“A slug has teeth.” Zaahra

Bringing the slugs inside, we shifted our relationship with them. Outside, children joyfully searched for the slugs, handling them, giving them food to eat and rocks to climb on. In this way, children were researching slugs as they constructed habitats, manipulated the creatures, and observed their movements.

Bringing the slugs inside meant not handling them in the same way. We learned that our skin can irritate their bodies. The indoors also does not lend to endless habitat reconstruction. The purpose and focus of the play shifted with this new context. Slugs are also often hidden during the day, making them difficult to attract our young scientists! And so, we teachers have been exploring ways of making the slugs more visible within our studio.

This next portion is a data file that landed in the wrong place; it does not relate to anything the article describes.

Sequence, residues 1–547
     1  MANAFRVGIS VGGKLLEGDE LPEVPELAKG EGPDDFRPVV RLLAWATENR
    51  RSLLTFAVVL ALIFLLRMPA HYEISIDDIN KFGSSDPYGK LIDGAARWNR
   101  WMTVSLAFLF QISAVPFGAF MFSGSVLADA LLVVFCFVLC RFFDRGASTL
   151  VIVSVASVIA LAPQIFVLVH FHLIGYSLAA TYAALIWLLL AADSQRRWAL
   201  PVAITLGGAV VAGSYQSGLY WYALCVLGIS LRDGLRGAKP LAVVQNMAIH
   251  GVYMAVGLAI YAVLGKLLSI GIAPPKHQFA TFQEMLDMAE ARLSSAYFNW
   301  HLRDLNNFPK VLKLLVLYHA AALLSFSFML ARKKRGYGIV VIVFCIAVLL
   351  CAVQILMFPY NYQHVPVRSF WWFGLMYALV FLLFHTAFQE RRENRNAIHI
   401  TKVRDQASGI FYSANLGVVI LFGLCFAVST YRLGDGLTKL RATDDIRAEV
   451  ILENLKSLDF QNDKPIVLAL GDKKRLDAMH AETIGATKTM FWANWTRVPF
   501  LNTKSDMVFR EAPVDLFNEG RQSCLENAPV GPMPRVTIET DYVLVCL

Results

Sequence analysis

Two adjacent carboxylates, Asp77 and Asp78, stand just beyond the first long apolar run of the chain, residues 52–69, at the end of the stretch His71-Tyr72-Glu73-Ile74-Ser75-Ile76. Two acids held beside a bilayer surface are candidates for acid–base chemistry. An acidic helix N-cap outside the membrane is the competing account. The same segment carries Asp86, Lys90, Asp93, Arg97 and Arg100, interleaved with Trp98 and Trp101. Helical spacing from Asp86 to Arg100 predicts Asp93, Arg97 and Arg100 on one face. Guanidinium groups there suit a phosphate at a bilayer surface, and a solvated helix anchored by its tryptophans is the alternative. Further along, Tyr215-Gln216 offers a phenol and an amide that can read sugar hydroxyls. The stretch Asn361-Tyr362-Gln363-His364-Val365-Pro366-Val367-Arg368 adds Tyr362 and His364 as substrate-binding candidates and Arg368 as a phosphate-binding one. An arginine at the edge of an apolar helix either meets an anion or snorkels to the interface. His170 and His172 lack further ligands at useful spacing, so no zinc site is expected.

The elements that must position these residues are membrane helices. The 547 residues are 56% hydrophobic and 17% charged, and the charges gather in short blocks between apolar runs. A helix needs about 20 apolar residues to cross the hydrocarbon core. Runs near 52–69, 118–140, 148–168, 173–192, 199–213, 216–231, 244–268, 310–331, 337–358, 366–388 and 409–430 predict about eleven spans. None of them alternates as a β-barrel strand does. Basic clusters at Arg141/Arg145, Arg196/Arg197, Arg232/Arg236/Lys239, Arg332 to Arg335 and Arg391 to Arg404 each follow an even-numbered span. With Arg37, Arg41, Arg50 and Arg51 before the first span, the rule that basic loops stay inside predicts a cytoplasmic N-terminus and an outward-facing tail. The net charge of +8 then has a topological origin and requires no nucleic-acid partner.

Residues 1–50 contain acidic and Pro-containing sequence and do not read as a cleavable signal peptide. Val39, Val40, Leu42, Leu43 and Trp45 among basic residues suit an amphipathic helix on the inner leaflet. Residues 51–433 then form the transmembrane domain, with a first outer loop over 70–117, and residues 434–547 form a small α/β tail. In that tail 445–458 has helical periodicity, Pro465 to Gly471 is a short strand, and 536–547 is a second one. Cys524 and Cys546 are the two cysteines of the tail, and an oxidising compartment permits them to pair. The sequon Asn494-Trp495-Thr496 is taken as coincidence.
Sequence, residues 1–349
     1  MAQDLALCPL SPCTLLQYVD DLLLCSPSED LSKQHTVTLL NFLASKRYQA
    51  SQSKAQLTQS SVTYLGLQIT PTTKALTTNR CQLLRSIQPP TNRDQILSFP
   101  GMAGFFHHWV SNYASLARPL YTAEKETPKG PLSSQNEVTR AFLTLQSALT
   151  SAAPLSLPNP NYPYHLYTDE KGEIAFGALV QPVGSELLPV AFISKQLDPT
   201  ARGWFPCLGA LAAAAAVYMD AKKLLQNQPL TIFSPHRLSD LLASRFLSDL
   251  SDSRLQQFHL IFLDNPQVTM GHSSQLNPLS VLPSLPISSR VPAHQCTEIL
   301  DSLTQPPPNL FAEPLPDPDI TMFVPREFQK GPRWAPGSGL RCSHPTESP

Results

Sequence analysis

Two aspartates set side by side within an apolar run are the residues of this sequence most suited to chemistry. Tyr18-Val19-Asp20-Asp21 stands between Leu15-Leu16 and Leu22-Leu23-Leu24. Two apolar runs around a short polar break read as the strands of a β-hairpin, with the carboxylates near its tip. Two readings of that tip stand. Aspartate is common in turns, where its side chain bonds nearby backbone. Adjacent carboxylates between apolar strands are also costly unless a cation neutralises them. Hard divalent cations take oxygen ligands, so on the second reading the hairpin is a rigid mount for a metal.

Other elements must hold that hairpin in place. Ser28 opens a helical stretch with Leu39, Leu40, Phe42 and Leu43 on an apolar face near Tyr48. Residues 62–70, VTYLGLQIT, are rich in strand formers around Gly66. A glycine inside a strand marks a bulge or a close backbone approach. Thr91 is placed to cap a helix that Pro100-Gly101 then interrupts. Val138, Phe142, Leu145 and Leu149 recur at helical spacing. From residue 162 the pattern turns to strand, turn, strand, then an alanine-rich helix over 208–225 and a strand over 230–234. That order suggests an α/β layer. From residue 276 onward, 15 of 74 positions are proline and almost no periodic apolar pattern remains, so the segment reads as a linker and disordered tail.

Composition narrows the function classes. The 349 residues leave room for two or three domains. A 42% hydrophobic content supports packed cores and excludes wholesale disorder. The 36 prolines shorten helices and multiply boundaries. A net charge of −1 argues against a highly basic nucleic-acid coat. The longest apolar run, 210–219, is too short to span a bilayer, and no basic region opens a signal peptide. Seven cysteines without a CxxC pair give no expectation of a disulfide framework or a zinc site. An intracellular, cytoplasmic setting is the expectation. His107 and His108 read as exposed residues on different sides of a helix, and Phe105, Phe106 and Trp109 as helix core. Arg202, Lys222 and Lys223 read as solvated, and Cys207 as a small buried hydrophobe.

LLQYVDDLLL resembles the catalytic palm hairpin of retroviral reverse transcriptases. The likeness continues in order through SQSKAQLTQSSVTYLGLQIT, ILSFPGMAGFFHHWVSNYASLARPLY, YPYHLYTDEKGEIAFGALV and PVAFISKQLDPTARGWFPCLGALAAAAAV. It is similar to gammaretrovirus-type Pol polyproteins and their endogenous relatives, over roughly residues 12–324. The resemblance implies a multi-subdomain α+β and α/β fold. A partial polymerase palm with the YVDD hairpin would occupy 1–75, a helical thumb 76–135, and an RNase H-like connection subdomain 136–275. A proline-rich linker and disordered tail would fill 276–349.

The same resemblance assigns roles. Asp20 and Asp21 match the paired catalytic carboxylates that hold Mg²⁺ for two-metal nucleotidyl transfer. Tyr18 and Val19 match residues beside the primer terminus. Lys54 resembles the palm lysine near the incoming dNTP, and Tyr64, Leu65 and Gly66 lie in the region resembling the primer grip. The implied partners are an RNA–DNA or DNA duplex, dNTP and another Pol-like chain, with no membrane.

How might different environments and media support our slug inquiry?

In small groups, we invited children to engage with slugs through video and clay—watching and building.